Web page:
Playing is the quickest way to learn a language since having fun makes the whole learning process not seem like work at all!
Thanks to the Internet, everyone can become “fluent” just by playing a few games.
Children nowadays don’t know how good they’ve got it.
There are so many digital resources available for those wanting to learn a language and the Internet brings them directly to us with a simple click of the mouse. There are games where children can learn to count up to 100 and beyond in English.
A quick search will bring you thousands of results for different games you can play with your child to help them learn English. You can download worksheets, work on their pronunciation, and do English-language crosswords, for example.
Have a look for events in your community where parents and their children get together to learn English. Workshops often blend learning English with other activities like music or art.
These are great ways for your children to learn English without even realising that they’re studying.
Whether with a pen pal or a private tutor, Skype is a great way to get your child studying and practising English.
There are thousands of great native speakers who offer private tutorials to children (and adults) over Skype.
When it comes to younger children, you can always set up a virtual “play date” with an English speaking friend. They can play games on-line and talk to each other.
Most very young children don’t tend to care whether their friends speak the same language as them or not, after all.
Once you start learning a foreign language, you should make sure that you’re doing so effectively.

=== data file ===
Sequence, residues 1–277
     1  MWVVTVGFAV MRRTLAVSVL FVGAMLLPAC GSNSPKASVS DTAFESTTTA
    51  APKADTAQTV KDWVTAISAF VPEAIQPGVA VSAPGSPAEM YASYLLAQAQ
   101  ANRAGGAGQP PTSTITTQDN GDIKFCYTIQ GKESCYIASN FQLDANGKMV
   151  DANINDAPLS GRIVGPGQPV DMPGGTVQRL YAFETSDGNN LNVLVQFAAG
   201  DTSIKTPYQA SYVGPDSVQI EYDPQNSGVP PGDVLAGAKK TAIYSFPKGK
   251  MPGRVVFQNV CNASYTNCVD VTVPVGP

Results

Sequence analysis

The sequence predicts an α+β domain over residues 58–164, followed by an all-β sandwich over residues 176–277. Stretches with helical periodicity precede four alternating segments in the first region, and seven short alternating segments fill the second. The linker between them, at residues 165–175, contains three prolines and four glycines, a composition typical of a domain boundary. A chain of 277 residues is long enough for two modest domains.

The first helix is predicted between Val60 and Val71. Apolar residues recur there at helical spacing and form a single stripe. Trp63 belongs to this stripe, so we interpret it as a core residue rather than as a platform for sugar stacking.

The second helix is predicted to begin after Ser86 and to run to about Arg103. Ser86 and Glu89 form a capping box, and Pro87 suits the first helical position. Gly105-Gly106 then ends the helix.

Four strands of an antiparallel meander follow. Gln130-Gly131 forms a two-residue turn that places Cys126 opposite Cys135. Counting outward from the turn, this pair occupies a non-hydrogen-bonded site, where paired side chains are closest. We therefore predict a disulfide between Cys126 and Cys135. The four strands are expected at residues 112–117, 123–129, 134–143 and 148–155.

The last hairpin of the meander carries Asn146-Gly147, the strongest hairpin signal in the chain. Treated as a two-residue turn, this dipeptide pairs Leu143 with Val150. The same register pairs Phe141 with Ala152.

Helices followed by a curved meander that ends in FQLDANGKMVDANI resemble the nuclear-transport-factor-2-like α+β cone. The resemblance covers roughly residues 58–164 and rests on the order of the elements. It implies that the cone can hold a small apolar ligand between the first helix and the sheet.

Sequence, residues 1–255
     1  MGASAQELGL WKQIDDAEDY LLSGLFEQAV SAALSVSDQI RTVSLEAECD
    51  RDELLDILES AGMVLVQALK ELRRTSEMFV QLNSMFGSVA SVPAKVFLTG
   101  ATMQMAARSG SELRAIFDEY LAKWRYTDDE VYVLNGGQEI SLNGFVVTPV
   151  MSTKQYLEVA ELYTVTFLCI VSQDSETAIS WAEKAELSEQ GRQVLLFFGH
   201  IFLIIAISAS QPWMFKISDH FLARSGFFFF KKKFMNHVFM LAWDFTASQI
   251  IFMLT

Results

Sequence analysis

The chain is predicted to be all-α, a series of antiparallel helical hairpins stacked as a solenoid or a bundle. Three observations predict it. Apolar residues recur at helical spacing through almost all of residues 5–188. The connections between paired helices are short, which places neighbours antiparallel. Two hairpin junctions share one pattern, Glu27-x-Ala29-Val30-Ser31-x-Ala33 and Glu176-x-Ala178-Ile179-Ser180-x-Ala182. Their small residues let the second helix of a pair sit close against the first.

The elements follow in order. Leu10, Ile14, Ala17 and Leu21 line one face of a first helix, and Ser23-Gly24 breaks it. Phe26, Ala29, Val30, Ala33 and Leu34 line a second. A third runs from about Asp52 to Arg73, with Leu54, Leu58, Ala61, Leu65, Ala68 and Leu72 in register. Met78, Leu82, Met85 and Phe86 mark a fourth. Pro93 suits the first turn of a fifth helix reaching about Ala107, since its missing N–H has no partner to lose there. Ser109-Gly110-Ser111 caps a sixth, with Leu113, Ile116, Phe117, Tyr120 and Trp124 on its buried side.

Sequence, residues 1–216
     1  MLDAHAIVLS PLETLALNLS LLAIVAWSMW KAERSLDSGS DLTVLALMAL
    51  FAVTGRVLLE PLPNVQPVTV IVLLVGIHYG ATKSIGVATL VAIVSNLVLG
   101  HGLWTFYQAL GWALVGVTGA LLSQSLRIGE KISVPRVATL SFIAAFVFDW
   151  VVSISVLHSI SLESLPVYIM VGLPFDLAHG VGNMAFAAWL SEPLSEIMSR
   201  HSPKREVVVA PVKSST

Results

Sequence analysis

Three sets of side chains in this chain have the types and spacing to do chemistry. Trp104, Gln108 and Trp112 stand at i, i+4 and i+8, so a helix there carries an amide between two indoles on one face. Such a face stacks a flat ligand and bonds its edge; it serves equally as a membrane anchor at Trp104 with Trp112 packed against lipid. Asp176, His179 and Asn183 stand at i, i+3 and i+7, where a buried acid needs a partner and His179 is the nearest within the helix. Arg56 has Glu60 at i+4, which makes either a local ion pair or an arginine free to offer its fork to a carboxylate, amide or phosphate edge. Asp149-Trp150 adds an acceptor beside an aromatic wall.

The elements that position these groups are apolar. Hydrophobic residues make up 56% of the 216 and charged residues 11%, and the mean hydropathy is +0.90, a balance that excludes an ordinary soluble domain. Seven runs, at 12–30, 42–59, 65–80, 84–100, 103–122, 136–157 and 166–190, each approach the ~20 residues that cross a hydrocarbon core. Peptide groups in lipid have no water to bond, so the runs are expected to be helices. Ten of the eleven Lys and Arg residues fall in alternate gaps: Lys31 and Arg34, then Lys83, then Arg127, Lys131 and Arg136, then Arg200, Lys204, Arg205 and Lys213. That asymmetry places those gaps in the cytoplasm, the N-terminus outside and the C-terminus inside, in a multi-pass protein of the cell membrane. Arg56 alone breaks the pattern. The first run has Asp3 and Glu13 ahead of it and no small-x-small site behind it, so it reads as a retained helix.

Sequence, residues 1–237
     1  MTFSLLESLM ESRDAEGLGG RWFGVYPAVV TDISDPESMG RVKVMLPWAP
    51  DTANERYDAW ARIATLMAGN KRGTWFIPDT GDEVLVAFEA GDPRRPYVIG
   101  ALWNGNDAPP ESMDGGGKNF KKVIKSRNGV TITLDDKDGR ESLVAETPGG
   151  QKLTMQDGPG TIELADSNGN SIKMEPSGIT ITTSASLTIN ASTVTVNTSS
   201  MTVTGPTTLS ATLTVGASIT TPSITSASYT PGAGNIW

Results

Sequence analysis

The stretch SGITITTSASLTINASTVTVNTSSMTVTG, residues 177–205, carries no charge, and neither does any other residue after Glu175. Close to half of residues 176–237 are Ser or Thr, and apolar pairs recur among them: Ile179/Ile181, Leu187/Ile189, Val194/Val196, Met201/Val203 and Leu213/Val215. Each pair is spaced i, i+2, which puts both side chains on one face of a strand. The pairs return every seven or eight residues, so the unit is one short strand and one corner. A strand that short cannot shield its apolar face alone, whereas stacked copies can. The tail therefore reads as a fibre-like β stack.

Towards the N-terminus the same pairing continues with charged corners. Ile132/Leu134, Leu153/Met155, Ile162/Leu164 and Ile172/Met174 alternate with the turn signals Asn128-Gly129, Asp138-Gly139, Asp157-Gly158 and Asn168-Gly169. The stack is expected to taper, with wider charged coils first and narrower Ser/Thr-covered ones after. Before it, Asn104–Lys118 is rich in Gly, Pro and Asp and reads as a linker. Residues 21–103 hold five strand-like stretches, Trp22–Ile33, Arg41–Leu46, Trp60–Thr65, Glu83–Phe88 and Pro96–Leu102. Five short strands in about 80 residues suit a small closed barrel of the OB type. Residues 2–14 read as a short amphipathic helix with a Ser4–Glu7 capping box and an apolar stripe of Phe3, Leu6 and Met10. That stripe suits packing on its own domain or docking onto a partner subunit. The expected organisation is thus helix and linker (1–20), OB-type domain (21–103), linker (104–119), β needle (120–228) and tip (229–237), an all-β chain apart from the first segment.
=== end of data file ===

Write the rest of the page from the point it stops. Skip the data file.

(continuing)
It might sound obvious. However, there are so many resources for learning English that choosing the right one might be difficult.
There are plenty of different ways to learn. (Source: Urane)
Here are a few of the methods that work:
You can send your children to a private English academy where they’ll learn English with other children their age. The approach is normally different to school and they can spend time singing, dancing, and playing, all while learning.
Little Pim provides videos for children up to 6 to learn English. Why only up to 6?
This is because Little Pim wants to teach children English at the optimal age when their brain is geared towards language learning.
It’s an interesting concept that gets a child used to hearing English even though they can’t read, write, or count yet. This is English teaching that focuses on listening skills.
If you want your child to be bilingual in English, you’ll have to start them on their way as soon as possible!
There you go. They’ll be speaking English before they even learn to read. Before you know it, they’ll be wanting to study abroad.
Heading to an English-speaking country is usually the quickest and most effective way to learn the language. The countries that encourage study abroad programmes tend to have better abilities when it comes to speaking English.
The English you learn in secondary schools isn’t normally enough to speak like they do in London or New York. If you want to practise your spoken English and listening skills, it’s a good idea to do so with another native English speaker. It just so happens that London and New York are full of native English speakers!
It’s very easy to become bilingual at a young age in an English-speaking country. (Source: Culture Corners)
Your child will learn so much on an English course if they’re also immersed in an English-speaking culture and living with an English-speaking host family.
How does that sound?
There are plenty of different organisations offering exchange programmes.
Your child will have the unique opportunity to spend time in English-speaking countries like the UK, the US, Canada, etc. After spending every day speaking to native speakers, your child might come back home speaking English like a native!
It’s recommended that you don’t send younger children to the other side of the globe. The UK is still one of the most popular destinations for Europeans when it comes to language exchange programmes.
Older students can travel further afield to places like New Zealand or Australia. There are so many wonderful places around the world where they speak English that they could go to!
If you’d like to learn about teaching dyslexic children English, read our article on the subject!